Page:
NEWS
January 23, 2002 | By Jim Remsen INQUIRER FAITH LIFE EDITOR
The Rev. Lamont McLean is one of the most potent local pastors you've probably never heard of. Off the public's radar, the evangelical entrepreneur has raised from scratch a booming Pentecostal church in Cherry Hill called Living Faith Christian Center. He also chairs a $20 million computer business and has branched out as a regional televangelist, buying a half-hour slot Sunday evenings on Channel 48. His born-again flock of 3,000 adores him as "our man of God. " They give him standing ovations when he rises to deliver one of his long, spellbinding preaching-teachings on "biblical living" at the church's five weekly services.
NEWS
June 6, 1993 | By Arlene Martin, INQUIRER CORRESPONDENT
The dreams and aspirations of boyhood can lead to success and achievement in manhood. That's one observation that Daniel Hart makes in his new book, Becoming Men: The Development of Aspirations, Values, and Adaptational Styles, which sifts through the complex passage from youth to manhood. Hart, 36, an associate professor in psychology at Rutgers University since 1984, has been intrigued with the stages of human development since his days as an undergraduate at Bates College in Maine.
NEWS
June 13, 1995 | by Anderson Jones, Daily News Staff Writer
Naim Muslim fathered two children before he turned 20, more than 20 years ago. But, he says, with a laugh, "with my behavior then, I had the potential to have many more. " Now 40, Muslim formed the Camden-based organization Fathers Go Get Your Sons three years ago to inspire fathers young and old to do just that. The organization concentrates especially on teen dads. He says the idea came to him more or less like a vision. "It was an inspiration," Muslim says, "a result of all the talents and skills that I have.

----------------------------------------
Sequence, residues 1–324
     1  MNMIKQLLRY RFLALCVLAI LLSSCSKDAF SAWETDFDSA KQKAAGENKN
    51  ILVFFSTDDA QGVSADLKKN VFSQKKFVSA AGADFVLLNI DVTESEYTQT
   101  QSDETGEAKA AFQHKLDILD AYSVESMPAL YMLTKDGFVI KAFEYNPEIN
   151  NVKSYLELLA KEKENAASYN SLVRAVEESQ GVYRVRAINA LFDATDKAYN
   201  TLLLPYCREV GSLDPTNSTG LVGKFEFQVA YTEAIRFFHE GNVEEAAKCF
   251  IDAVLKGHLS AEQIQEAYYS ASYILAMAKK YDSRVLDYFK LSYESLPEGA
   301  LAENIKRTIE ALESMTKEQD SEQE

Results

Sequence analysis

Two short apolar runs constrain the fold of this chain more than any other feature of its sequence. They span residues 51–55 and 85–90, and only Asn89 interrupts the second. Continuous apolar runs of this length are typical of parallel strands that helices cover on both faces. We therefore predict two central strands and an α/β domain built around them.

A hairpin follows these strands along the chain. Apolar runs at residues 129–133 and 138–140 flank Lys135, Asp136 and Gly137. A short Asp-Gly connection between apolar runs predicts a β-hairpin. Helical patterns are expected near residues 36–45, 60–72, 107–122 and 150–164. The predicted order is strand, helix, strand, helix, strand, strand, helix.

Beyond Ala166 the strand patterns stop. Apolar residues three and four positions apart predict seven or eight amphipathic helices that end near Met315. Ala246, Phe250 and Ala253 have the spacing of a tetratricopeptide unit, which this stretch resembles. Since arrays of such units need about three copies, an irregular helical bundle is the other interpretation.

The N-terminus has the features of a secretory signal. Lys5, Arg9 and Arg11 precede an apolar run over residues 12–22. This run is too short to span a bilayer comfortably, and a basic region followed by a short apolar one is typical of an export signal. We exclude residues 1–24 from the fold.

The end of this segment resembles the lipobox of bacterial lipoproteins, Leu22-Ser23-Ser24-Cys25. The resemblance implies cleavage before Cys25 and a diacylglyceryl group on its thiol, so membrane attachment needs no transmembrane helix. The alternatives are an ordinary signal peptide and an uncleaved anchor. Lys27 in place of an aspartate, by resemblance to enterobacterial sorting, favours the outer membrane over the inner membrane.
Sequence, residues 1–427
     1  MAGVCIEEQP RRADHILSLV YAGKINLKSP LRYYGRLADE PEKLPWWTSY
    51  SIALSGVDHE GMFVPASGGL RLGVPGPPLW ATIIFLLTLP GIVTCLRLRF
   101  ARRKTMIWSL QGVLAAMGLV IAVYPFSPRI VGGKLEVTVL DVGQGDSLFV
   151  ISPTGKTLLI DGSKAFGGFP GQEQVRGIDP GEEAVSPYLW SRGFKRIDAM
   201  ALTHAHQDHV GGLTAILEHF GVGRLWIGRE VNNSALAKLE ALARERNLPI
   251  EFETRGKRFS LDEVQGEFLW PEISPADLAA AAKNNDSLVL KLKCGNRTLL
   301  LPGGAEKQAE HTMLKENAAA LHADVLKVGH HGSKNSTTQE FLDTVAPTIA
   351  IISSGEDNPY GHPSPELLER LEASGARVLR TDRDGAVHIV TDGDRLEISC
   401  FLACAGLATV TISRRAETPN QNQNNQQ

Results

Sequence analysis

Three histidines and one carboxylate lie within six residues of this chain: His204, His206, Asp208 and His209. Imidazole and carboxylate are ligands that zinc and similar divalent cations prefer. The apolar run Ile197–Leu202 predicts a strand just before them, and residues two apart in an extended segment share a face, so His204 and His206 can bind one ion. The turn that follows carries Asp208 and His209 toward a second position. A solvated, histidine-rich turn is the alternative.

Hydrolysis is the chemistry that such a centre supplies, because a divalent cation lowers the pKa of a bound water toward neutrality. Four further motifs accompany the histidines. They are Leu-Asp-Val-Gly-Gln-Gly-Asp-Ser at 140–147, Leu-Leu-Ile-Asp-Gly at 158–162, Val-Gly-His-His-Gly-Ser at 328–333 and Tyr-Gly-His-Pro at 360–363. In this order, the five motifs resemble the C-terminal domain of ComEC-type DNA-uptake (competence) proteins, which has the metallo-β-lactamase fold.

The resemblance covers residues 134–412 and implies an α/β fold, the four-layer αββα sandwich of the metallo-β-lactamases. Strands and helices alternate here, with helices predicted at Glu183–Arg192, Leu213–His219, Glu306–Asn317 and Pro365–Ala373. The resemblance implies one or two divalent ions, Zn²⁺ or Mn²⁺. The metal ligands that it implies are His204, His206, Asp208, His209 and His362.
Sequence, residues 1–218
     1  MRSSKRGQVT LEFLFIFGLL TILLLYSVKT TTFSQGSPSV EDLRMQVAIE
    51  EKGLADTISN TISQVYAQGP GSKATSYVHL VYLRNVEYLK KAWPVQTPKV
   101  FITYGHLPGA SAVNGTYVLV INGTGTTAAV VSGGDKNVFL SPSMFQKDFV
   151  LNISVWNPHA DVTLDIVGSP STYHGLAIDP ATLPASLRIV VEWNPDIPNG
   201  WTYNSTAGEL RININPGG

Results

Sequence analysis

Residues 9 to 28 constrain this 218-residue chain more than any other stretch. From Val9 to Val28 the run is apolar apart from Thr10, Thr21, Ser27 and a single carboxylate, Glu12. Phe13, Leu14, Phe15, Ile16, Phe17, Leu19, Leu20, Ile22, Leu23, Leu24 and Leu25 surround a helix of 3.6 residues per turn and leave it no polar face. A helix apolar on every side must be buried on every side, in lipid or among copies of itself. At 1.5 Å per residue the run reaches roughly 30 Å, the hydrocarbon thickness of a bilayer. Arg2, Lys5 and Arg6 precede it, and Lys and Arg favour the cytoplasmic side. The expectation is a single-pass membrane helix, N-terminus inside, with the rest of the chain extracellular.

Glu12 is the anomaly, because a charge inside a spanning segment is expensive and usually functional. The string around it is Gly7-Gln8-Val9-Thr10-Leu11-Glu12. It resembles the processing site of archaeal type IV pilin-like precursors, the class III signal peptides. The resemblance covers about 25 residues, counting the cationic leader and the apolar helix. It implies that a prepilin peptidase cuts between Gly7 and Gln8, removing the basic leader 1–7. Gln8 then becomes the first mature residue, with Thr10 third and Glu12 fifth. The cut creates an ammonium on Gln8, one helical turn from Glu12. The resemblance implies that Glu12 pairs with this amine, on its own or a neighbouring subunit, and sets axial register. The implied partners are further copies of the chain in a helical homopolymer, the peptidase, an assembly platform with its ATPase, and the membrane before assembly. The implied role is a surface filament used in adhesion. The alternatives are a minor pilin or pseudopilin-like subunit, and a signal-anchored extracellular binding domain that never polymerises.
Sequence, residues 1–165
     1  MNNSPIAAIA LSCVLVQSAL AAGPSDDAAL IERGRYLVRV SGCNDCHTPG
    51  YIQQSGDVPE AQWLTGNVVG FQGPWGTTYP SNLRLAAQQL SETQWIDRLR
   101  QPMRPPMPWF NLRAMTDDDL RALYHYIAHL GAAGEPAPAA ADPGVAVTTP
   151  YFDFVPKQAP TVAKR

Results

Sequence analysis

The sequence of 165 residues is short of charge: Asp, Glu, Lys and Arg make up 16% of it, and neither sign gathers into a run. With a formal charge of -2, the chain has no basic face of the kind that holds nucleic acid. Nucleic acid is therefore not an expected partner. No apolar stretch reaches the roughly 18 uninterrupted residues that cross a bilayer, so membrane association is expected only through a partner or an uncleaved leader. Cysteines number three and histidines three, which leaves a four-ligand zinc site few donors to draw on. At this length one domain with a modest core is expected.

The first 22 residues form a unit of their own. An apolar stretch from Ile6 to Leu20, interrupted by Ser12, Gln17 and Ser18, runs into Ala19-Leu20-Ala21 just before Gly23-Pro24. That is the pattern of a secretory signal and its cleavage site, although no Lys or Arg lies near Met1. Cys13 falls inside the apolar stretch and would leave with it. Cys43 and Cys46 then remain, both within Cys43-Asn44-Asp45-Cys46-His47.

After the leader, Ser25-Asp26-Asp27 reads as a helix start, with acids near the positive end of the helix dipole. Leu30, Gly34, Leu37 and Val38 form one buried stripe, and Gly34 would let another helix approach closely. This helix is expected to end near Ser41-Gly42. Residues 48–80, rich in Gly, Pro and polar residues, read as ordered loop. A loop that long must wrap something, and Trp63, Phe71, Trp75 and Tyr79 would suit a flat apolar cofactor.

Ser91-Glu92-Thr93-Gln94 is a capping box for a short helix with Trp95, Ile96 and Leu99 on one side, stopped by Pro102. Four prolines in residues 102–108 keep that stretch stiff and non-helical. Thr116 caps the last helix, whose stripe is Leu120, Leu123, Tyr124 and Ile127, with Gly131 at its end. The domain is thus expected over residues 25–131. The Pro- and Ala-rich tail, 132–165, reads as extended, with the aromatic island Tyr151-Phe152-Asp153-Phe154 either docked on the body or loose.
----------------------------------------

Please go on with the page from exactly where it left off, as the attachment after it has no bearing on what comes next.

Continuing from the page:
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ARTICLES BY DATE
NEWS
June 16, 2012 | Annette John-Hall
I can't think of anybody better equipped to run a male parenting program than Joel Austin, the president and CEO of Daddy UniverseCity Inc. You know how they tell writers to write what they know? Well, Austin runs what he knows. He knows the rock-bottom feeling of county sheriffs rousting him out of bed at 5 in the morning, cuffing and shackling him, and hauling him to jail for falling behind on his child-support payments — all while his three terrified sons watched from the next room.
NEWS
June 7, 2012 | By Stephanie Farr and Daily News Staff Writer
BELIEVING he was handling an unloaded gun, an 18-year-old accidentally shot himself in the head during a webcam chat early Wednesday when the person on the other end of the conversation challenged the teen's manhood, police said.   To make matters worse, the teen's two brothers — one of whom is just 13 — were in the room when the shooting occurred, said East Detectives Capt. John Gallagher. As of Wednesday night, the teen, whom police did not identify, was brain-dead and in extremely critical condition at Temple University Hospital.
ENTERTAINMENT
December 29, 2011 | By Cary Darling, McClatchy Newspapers
So just who is this Chris Lilley anyway? That's the question many American viewers are going to be asking, for better and for worse, with the premiere of the 12-episode miniseries Angry Boys. The talented Melbourne comedian/ actor/ writer/ director's latest project gets a prime HBO slot beginning Sunday. Lilley has made waves before with We Can Be Heroes (a.k.a. The Nominees when it was shown on the Sundance Channel) and the wickedly smart Summer Heights High, semi-improvised mockumentaries about Australian life, in which he played the three main characters, effortlessly disappearing into the skin of a tough Tongan kid and an airhead teenage girl, to name just two. The performer is working on his biggest video canvas yet with Angry Boys, a comedic meditation on testosterone and manhood filmed in three countries (Australia, Japan, the United States)
NEWS
April 27, 2011 | By Marc Lamont Hill, Daily News Columnist